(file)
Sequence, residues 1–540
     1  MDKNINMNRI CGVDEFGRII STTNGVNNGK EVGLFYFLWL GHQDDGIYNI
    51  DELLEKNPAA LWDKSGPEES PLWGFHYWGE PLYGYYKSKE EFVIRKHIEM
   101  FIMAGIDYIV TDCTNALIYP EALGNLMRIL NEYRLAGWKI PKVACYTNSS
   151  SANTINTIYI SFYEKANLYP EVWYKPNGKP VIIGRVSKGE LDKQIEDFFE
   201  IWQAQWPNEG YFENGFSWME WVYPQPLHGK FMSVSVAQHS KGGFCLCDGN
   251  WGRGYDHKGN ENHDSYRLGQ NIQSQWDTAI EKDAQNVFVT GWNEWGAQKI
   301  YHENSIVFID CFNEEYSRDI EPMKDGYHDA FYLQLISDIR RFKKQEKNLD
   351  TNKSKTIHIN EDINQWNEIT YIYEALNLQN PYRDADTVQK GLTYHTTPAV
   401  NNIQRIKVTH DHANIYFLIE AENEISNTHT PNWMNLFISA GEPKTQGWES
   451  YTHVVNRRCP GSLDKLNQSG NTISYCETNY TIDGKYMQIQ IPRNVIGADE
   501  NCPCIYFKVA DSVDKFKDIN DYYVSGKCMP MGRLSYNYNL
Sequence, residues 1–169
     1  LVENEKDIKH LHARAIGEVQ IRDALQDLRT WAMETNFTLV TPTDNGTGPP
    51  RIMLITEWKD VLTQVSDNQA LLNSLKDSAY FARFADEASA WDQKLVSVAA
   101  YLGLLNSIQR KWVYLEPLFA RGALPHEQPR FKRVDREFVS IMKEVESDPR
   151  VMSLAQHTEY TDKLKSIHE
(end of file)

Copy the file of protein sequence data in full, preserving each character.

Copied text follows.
Sequence, residues 1–540
     1  MDKNINMNRI CGVDEFGRII STTNGVNNGK EVGLFYFLWL GHQDDGIYNI
    51  DELLEKNPAA LWDKSGPEES PLWGFHYWGE PLYGYYKSKE EFVIRKHIEM
   101  FIMAGIDYIV TDCTNALIYP EALGNLMRIL NEYRLAGWKI PKVACYTNSS
   151  SANTINTIYI SFYEKANLYP EVWYKPNGKP VIIGRVSKGE LDKQIEDFFE
   201  IWQAQWPNEG YFENGFSWME WVYPQPLHGK FMSVSVAQHS KGGFCLCDGN
   251  WGRGYDHKGN ENHDSYRLGQ NIQSQWDTAI EKDAQNVFVT GWNEWGAQKI
   301  YHENSIVFID CFNEEYSRDI EPMKDGYHDA FYLQLISDIR RFKKQEKNLD
   351  TNKSKTIHIN EDINQWNEIT YIYEALNLQN PYRDADTVQK GLTYHTTPAV
   401  NNIQRIKVTH DHANIYFLIE AENEISNTHT PNWMNLFISA GEPKTQGWES
   451  YTHVVNRRCP GSLDKLNQSG NTISYCETNY TIDGKYMQIQ IPRNVIGADE
   501  NCPCIYFKVA DSVDKFKDIN DYYVSGKCMP MGRLSYNYNL
Sequence, residues 1–169
     1  LVENEKDIKH LHARAIGEVQ IRDALQDLRT WAMETNFTLV TPTDNGTGPP
    51  RIMLITEWKD VLTQVSDNQA LLNSLKDSAY FARFADEASA WDQKLVSVAA
   101  YLGLLNSIQR KWVYLEPLFA RGALPHEQPR FKRVDREFVS IMKEVESDPR
   151  VMSLAQHTEY TDKLKSIHE